Life can be a lot sometimes. Simply being a human comes with so many responsibilities, stressors, and heartache that it can be hard to process. There are many tried and true habits for maintaining good mental health such as exercising, meditating, and getting enough sleep, but there is one that often goes overlooked.
Time and time again, behavioral health experts have reported that journaling can help people cope with anxiety, stress, and depression. What makes journaling so effective? It gives you a chance to process your emotions and put your thoughts and feelings on paper. Like Dumbledore’s Pensieve, you get to pull the troubling thoughts out of your head and set them somewhere else. You get to be creative without fear of scrutiny.
While many people keep journals as children and teenagers, they often give up the habit as adults. Some aspects of journaling can seem silly or even intimidating – what do I even write about? What’s the point? Isn’t it basically just talking to yourself? These are all valid questions, but they all have roughly the same answer – do whatever you want! You decide what you write about and what the point is. A journal is your own safe space where you get to think and exist and express however you want. And you’re not just limited to words on a page.
Journaling can look like anything – paragraphs, pictures, bullet journals – whatever speaks to you. A journal is what you make it, and it’s a free place to express ideas. You can write about things that are troubling you, you can catalog wildflowers that you saw on a walk, or you can draw adorable cartoon cat characters. If you’re not sure where to start, there are plenty of books to get you going with so many different types of journaling. Half the battle is just forming the habit. If you’re more of a visual person, picture journaling can be a great way to get your thoughts on the page. “How to Keep a Sketchbook Journal” offers helpful tips, samples and encouragement for starting your own visual journal. If you’re someone who needs their nature fix, consider a nature journal. Books like “Nature Journaling,” “Keeping a Nature Journal” and “The Law’s Guide to Nature Drawing and Journaling” can help you get more in touch with yourself and the world around you. The recent trend of bullet journaling also offers a unique and visually appealing way for you to track your habits, moods and so much more!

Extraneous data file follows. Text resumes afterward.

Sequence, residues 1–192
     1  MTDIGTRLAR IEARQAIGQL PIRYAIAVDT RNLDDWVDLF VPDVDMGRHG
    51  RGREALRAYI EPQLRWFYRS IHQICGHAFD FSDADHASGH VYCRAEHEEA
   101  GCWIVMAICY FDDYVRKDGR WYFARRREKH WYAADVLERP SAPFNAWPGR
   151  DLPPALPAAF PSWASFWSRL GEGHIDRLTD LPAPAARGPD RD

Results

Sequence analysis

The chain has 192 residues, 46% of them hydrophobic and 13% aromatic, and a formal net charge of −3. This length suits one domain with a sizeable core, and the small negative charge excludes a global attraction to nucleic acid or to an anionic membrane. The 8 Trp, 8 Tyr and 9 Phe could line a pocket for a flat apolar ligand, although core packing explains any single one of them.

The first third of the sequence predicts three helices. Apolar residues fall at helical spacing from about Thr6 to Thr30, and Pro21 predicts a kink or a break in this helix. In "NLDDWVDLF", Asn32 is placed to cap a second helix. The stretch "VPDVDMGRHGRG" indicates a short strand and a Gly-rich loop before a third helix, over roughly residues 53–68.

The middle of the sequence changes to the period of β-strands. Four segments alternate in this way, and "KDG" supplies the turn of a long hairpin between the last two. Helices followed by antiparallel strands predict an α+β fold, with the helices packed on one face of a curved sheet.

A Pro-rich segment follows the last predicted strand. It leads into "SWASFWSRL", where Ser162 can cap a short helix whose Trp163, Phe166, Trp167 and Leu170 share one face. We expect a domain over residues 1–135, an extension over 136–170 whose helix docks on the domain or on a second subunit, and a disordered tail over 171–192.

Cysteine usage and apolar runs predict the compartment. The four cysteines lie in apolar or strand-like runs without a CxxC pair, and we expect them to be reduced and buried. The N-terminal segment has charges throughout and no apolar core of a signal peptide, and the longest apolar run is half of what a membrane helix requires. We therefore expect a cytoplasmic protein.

As with most healthy habits, the benefits of journaling are best reaped when it is done daily. Still, every little bit helps. Your best bet is to make journaling as easy as possible – keep your notebook and pen within easy reach, and set aside a few minutes of your day. To quote Anne Frank, author of one of the most famous diaries, “Paper has more patience than people.”